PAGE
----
|Title: Hawk of May|
Author: Gillian Bradshaw
Publisher: Sourcebooks Landmark (Kindle Version)
Synopsis: (from Goodreads) On the path toward greatness, every hero makes a choice. Legends sing of Sir Gawain, one of the most respected warriors of King Arthur’s reign and one of the greatest champions of all time. But this is not that story. This is the story of Gwalchmai, middle son of the beautiful, infinitely evil sorceress Morgawse, and gifted student of her dark magical arts. A story of an uncertain man, doubting his ability to follow his elder brother’s warrior prowess and seeking to find his own identity by bonding with his frightening and powerful mother. Disappointed in himself and despised by his father, Gwalchmai sets out on a journey that will lead him to the brink of darkness…a tale of loss, redemption and adventure, Hawk of May brings new understanding to Sir Gawain, the legend of King Arthur, and the impact of choices made—and the consequences that follow.
Hello everyone! It’s me again, back on my chosen calling of reviewing books about Sir Gawain. If I ever doubted his awesomeness after reading Mary Stewart’s Wicked Day, my faith is restored to me now.
Warning for Spoilers
Warning for Spoilers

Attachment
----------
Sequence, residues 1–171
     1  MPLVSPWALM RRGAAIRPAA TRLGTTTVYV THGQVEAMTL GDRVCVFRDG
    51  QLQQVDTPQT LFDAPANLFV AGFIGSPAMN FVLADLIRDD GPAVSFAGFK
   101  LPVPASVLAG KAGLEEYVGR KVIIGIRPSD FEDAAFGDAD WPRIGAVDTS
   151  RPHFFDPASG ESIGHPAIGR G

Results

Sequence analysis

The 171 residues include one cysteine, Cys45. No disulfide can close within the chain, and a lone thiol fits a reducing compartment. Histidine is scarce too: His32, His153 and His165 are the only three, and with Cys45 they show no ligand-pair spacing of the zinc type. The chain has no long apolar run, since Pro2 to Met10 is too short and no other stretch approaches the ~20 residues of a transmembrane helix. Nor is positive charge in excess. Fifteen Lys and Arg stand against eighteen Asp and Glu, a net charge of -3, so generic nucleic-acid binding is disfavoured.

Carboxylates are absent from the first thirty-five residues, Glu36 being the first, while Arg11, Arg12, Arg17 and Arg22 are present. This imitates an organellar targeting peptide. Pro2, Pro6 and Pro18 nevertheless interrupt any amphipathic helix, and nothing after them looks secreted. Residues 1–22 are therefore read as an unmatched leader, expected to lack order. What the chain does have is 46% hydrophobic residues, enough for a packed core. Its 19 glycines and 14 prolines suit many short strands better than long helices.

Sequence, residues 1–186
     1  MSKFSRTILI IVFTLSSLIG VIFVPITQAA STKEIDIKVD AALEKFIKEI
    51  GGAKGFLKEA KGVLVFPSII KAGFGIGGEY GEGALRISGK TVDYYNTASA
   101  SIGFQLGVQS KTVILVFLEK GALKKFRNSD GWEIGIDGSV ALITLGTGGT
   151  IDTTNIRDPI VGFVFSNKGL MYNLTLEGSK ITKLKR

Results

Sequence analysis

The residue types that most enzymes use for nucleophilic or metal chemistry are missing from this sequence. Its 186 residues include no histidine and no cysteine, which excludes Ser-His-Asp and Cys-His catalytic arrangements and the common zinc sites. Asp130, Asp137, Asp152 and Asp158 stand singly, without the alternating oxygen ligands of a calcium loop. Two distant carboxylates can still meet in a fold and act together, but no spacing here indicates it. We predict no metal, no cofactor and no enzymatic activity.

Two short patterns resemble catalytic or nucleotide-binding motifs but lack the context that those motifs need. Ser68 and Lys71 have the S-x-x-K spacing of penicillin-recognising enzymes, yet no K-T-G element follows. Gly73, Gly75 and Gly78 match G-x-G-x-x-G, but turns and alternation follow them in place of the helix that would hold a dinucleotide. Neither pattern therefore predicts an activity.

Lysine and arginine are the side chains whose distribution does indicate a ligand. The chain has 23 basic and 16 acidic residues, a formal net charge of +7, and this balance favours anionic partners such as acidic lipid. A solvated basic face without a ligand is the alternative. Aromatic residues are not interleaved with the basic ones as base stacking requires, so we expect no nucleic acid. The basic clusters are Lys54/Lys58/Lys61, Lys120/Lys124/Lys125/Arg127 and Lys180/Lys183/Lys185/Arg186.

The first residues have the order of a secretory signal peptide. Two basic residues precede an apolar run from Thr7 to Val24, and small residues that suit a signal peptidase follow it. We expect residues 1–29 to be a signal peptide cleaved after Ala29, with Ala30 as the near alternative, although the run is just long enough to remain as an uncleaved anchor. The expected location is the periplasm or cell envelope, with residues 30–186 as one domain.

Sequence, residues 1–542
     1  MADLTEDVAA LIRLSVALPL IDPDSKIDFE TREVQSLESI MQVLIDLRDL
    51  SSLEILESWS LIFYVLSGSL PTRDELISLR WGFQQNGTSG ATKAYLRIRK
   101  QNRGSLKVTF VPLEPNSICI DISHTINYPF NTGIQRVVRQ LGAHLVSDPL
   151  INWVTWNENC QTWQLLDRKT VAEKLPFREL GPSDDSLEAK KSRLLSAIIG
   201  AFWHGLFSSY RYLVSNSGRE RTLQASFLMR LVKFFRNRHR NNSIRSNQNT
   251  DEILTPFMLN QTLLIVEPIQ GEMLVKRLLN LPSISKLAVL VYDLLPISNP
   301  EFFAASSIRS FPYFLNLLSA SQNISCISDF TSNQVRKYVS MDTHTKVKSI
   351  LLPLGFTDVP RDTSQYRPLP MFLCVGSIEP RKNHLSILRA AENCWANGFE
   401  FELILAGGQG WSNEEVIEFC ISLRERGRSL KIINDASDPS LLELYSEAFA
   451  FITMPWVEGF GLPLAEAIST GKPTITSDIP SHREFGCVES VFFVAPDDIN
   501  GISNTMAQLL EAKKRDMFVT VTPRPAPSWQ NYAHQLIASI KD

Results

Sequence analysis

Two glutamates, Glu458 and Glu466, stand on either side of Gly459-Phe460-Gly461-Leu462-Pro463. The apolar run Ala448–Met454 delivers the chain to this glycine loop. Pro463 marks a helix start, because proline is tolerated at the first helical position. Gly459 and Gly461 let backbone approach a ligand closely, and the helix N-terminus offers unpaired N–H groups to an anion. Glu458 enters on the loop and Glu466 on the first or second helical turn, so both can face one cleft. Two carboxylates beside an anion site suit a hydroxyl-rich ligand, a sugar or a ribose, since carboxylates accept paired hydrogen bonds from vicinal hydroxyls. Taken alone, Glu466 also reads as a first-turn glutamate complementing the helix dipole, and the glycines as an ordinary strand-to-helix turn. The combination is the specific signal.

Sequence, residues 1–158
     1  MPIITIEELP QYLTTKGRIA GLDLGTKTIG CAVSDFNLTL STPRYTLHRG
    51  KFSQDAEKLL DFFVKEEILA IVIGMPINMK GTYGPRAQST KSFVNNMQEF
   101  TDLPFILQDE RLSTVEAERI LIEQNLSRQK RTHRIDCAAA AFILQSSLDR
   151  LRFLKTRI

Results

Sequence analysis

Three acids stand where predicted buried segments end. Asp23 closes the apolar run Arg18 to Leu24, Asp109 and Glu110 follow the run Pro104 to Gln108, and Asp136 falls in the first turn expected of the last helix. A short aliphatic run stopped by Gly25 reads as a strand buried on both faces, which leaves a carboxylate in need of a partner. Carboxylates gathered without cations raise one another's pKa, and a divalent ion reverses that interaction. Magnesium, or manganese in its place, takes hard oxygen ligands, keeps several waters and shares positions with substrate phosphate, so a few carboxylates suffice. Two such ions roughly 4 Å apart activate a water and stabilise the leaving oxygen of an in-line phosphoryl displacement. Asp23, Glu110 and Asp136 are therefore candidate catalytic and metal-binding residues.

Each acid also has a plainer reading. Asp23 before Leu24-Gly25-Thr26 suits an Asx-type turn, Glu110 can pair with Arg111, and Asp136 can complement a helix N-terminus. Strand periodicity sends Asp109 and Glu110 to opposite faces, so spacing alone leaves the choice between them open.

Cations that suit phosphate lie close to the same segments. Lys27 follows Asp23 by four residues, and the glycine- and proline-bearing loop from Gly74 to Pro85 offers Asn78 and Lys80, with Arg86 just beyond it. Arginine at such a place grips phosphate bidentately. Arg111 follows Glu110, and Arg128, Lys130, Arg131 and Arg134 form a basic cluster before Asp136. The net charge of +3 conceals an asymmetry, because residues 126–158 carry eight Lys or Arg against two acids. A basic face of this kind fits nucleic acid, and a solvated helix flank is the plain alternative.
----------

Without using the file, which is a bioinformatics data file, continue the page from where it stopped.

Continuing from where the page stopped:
The Twist: Gawain, here called by his Celtic name Gwalchmai (literally “Hawk of May”), grows up the despised second son of Lot of the Orcades and his wife Morgawse. In most of the stories of him I know about, Gawain/Gwalchmai is usually the firstborn unless Mordred was born first. In this story, it is Agrivain who is the firstborn and most honored. Agrivain is the warrior. Gwalchmai is not. Gareth and Gaheris, the other brothers, don’t exist. Medraut (Mordred) is there, and of course it’s an open secret his father isn’t Lot. It’s an unusual story about Gawain—he is not often associated with his mother’s Dark magic. Here he feels tainted by it throughout his young life, even after he is accepted into service to the God of Light. He is also given his warrior’s skill as a gift from the Light rather than being born with it. Arthur distrusts him for a long time while readily accepting Agrivain into the Family (aka the Round Table). The reason for this is eventually revealed, but much of the second half of the book is Gwalchmai trying desperately to prove his worth to Arthur only to be rejected once again. Additionally, Arthur is one of Uther’s bastards, not a legitimate son, so he has to gain the High Kingship and the title of Pendragon after his father’s death by conquering and forcing all the other kings of Britain to submit to him.